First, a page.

This lovely squash turned up in my garden with no name tag anywhere in sight so if anyone knows it’s name I would greatly appreciate your response.
No idea what it is but wondering if they started out looking like this?
I have a prolific squash volunteer in my compost pile that I’m pretty certain came from the seeds of a Costco zucchini, but it doesn’t look anything like it so wondering if in commercial production they pollinate the zucchini plants they won’t be saving seed from with some other squash variety that’s known to produce lots of male flowers and pollen? Haven’t tried it yet so not sure if it’s tasty (I’m sure it’s not ‘true’ so not expecting greatness) but it’s interesting having mystery produce in your garden
No the shape is very different as you can see from the baby hanging on the vine. Almost a creamy colour with the green speckles and stripes at the top.
Ah yes, the squash! They are notorious for getting cross pollinated and producing something …A few years ago one of our squash plants produced squash that were huge, weighing in around 5 pounds or more each. We had several, so I gave some away. a little while later when we tried ours, well first of all the skin was so hard I had to use a hammer to force the knife through it to cut it open. Then it tasted horrible - it went right into the compost and the seeds went into the garbage! We still have those friends I gave those squash to, but they have never mentioned them!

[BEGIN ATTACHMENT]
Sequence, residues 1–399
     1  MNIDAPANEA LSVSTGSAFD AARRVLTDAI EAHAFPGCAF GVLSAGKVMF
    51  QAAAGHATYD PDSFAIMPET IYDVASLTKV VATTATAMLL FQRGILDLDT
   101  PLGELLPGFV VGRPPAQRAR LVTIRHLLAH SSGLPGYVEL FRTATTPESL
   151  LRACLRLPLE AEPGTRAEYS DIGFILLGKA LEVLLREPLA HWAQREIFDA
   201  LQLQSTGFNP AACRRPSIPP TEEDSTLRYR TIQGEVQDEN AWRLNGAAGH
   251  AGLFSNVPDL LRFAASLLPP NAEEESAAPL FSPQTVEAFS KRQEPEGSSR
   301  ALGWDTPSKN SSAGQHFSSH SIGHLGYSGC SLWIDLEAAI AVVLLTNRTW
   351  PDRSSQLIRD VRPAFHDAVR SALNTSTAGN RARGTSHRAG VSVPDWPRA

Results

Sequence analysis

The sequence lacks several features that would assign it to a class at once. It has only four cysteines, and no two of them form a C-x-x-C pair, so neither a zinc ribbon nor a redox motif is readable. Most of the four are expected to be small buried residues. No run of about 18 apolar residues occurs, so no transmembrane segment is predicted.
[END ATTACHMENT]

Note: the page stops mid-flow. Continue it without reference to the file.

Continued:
So it could be a legitimate variety, or just some franken veggie!
Good luck with it, please do let us know how it tastes!
Thanks so much for the info. I’m really loving this forum as I am learning lots, getting to view lovely plants/gardens and having more conversations with gardeners than I ever did at our regular meetings.
As @graflh mentioned they are notorious for cross-pollinating. One year I thought it would be fun to grow some decorative gourds; well that wasn’t the best idea when it came to the zucchinis, acorn and butternut squashes we had also growing. Learned that lesson the hard way!
Yes, after hearing about cucurbitacin poisoning I was careful to taste my mystery squash before cooking with them. Luckily these ones were just fine
Not only do some of the squashes cross-pollinate if they are in the same species, but if you look up your variety in a seed catalogue, you will likely find it is an F1 hybrid. This means seeds will not come true next year. You will get one parent or the other. If you want to save your squash seeds it is best to hand pollinate and then bag the flower so no bees can get at it. You can take the bag off once the fruit starts to grow but mark the fruit with a ribbon so you know which is which.